[ . . .] Humour, as I've argued, is a complex thing, just like life. It can be used as a weapon and also as armour. But it has its limitations, despite its ubiquity in our endless attempts to navigate through our lives in a bearable way. So, while jokes are fine, and that includes cartoons, it's also essential that we occasionally straighten our faces so we are able to recognise the true state of things: that we understand that this stopped being about cartoons or depictions of Mohammed or religious sensibilities and started being about the ongoing struggle for power within Islam almost as soon as the ink dried; that we recognise that the young idiots who marched through London calling for beheadings and bombs probably had most in common with the young idiots of my generation who instinctively supported the IRA and the Baader-Meinhof gang because, being young and idiotic, they're seduced by the romantic glamour of rebellion and political violence, and they wanted to piss off their parents.

That the apocalyptic and terrifying ravings, and indeed the murderous actions , of parts of the Islamic world are exactly the same as the revenge fantasies exemplified in The Book of Revelation or any other quasi-political manifesto dressed up as mystical gibberish and produced by the powerless who've recruited a thing they call God to their side; that we see how the appalling legacy of Islamic and European colonialism and the abject failings of politics from Ba-athism to pan-Arabism to nationalism to Islamism have painted huge numbers of Moslems into a corner where the only direction they can now go is up. And all of that is what should inform how we now engage with, and argue with, and hope to pacify yet not appease Islam, which is in such a mess that this great world religion has reduced itself to the status of a petulant child who comes and thumps you in the playground simply because you've looked at it.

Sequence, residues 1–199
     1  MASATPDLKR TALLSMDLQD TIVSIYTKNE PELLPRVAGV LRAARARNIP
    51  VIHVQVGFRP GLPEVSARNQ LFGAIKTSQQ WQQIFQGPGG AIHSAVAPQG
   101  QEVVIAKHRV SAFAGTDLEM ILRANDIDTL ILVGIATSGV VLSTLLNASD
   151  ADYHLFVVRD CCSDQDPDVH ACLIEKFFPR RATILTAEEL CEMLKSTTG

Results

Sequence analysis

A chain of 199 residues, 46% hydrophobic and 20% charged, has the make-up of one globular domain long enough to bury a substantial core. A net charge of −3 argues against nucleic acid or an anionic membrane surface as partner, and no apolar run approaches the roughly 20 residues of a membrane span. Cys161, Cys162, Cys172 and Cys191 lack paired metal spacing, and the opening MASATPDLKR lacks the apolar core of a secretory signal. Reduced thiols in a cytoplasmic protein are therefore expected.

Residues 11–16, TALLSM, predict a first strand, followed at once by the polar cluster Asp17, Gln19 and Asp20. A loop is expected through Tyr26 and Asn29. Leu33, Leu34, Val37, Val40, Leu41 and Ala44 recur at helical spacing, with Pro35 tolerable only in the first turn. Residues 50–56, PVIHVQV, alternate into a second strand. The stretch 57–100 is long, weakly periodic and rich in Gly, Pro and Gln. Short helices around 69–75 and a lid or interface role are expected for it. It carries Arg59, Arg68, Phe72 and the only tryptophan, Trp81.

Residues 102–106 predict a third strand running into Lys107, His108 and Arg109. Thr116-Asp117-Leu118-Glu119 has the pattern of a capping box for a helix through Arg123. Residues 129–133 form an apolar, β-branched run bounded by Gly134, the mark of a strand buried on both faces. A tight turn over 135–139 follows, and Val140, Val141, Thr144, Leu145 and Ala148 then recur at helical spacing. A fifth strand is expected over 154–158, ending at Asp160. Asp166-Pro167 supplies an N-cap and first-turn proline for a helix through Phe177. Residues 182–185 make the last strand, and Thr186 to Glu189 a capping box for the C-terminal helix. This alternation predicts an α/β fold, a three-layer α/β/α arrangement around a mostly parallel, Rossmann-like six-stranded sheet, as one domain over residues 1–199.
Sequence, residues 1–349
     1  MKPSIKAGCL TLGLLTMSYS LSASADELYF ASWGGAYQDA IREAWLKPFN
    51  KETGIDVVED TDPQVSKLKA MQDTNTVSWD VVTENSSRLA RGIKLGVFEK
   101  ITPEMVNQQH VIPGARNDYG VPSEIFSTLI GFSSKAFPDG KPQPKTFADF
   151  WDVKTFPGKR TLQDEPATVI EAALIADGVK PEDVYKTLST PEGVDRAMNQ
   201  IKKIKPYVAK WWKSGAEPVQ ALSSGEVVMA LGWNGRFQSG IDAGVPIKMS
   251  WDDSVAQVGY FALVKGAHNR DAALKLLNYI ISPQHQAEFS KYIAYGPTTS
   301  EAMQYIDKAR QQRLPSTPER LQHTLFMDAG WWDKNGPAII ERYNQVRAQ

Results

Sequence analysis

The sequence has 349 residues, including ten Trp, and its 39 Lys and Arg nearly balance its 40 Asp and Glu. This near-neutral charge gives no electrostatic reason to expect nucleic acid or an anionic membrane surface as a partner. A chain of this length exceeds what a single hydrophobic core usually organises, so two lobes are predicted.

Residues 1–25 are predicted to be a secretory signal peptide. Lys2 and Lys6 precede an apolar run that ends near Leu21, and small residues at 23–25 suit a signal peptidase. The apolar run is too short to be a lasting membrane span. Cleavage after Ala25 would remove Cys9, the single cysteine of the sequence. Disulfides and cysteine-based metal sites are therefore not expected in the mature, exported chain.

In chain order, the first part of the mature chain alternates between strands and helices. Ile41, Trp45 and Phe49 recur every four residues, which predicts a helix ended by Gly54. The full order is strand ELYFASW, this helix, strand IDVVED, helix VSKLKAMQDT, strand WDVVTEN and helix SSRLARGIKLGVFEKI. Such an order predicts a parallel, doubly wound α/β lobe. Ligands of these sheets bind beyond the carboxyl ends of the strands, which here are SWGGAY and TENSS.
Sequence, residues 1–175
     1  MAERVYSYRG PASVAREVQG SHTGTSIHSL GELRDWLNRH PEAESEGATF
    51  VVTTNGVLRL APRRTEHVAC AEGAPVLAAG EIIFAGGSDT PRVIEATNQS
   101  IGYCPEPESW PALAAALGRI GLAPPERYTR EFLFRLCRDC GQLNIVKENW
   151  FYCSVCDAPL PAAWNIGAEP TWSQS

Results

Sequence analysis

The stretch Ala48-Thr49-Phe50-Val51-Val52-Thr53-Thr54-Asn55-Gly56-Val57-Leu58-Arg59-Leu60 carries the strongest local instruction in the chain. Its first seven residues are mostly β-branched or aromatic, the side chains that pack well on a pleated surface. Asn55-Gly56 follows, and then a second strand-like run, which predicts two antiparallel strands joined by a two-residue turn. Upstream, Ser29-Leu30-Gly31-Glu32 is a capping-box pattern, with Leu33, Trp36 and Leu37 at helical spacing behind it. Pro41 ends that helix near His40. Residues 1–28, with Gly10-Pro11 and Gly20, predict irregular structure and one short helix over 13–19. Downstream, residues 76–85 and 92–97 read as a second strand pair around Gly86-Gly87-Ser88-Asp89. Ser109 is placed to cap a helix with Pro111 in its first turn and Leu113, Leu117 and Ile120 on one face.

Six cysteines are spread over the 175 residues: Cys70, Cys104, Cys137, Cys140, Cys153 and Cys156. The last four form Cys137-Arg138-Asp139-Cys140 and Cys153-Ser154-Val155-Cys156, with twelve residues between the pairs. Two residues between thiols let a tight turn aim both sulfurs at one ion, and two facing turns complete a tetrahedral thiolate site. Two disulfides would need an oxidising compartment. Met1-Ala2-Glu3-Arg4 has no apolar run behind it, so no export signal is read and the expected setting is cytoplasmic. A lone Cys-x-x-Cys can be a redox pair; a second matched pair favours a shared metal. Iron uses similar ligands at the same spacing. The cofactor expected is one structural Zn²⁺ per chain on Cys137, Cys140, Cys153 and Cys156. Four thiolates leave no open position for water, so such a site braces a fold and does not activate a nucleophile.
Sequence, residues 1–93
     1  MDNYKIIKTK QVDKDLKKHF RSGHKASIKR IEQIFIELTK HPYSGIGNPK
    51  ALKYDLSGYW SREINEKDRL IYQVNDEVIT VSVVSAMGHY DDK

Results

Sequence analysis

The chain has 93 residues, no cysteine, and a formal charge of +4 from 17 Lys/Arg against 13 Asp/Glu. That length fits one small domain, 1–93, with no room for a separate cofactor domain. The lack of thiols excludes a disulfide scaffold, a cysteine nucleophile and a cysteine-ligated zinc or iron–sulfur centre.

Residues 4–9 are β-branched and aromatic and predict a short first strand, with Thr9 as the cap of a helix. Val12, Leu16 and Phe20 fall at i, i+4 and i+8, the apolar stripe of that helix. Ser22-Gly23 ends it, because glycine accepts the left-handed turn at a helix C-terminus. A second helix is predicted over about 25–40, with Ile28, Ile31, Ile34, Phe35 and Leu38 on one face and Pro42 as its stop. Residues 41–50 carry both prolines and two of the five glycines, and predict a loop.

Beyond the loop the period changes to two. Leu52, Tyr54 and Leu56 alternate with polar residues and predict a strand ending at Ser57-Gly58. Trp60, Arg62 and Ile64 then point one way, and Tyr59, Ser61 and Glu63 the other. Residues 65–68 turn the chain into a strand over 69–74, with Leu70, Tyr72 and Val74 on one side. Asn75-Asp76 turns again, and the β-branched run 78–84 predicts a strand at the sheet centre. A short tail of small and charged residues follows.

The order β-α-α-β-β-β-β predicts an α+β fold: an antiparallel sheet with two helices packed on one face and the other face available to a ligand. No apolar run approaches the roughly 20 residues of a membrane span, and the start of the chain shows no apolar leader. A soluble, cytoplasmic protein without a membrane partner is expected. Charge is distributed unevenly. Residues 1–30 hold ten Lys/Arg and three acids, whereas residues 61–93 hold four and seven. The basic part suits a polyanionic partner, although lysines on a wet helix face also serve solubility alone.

In that engagement, remember that cartoons and satire are almost by definition reactionary: they respond to and comment on events, and contribute to the Babel of argument that is the human experience by adding ridicule or insult or a simple belly laugh, and that, often, makes us feel better. As I've said, cartoons are blunt instruments with limited function, so they shouldn't, by and large, be making the weather, but moaning about it afterwards . And in fact the only actually funny cartoon I've seen concerning this whole nonsensical affair was by Bill Leak in The Australian and showed four jihadis, weeping with laughter over the beheaded corpse of a cartoonist, one of them saying 'Call yourself a cartoonist? You can't even draw breath!' and captioned at the bottom: 'Now THAT's funny!'

Is it necessary to de-construct that? Do I have to rip it apart to show the contradictory layers and meaning and significance, the irony, the voodoo, the counter voodoo, the twisting and twisted symbolism? I think not, but you get the point, and the point is that things are not, and never can be, simply black and white.

Extract of a talk to the South Place Ethical Society, by Martin Rowson,
26 February 2006 The South Place Ethical Society meets regularly at Conway Hall, 25 red Lion Square, London (tel 0207242 8037 for more details. The full text of the talk is in the Ethical Record of April 2006, Vol 111 No 3